What is Recapitalization?
Recapitalization is a catch-all term referring to measures taken by companies to adjust the debt-to-equity (D/E) mixture within their capital structures.
Recapitalization Definition: Capital Structure Transaction
Recapitalization occurs when a company adjusts its capital structure, often with the goal of shifting its D/E ratio closer to its optimal capital structure.
Such measures are taken by companies to reach their “optimal capital structure” – either to:
- Maximize Shareholder Value (or)
- Fix an Unsustainable Capital Structure
The term frequently appears in restructuring, in which a company is forced (rather than choosing to do so voluntarily) to undergo a recapitalization to stabilize its capital structure.
For example, a company’s capital structure could be deemed unsustainable, causing debt restructuring to become necessary. In such a scenario, the recapitalization’s objective is to reduce the company’s proportion of debt on its balance sheet (and lower its default risk).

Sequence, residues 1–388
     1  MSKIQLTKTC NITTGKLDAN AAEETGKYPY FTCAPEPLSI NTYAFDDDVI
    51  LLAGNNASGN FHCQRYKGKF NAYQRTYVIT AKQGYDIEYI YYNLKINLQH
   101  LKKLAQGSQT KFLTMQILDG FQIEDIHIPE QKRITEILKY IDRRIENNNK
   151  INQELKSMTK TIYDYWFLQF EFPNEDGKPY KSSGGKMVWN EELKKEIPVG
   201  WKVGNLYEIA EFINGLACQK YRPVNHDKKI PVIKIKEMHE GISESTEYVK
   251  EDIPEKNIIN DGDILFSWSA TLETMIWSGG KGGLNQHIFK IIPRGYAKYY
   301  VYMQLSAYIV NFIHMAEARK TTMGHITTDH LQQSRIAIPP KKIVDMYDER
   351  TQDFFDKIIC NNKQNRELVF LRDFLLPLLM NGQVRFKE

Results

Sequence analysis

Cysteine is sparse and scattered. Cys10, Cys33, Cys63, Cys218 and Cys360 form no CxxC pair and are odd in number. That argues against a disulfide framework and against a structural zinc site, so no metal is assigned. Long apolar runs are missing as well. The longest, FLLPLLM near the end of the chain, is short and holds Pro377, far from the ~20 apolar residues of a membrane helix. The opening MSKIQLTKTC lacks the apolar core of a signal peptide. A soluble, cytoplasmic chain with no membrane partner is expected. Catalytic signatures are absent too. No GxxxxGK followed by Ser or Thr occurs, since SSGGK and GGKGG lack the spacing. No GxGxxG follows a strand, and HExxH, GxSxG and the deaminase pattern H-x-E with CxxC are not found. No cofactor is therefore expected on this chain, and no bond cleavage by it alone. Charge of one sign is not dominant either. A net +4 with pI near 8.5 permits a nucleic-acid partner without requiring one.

If the purpose of a recapitalization is to lower the amount of leverage in the total capital structure – i.e. due to the absence of an adequate amount of equity – then the company has two choices:
- Issue new equity and use the proceeds to pay down existing debt obligations.
- Use its retained earnings (i.e. the accumulated profits kept by the company) to pay down debt and lower its leverage risk.
For distressed companies, an equity recapitalization is typically difficult to complete due to the lack of interest in the capital markets.
The claims held by equity holders (i.e. common and preferred equity) are placed at the bottom of the capital structure, so shareholders represent the lowest tiers in terms of liquidation priority.
A more common strategy for distressed companies is called a “debt-for-equity swap”, in which claims held by certain debt holders are exchanged into equity as part of the restructuring process.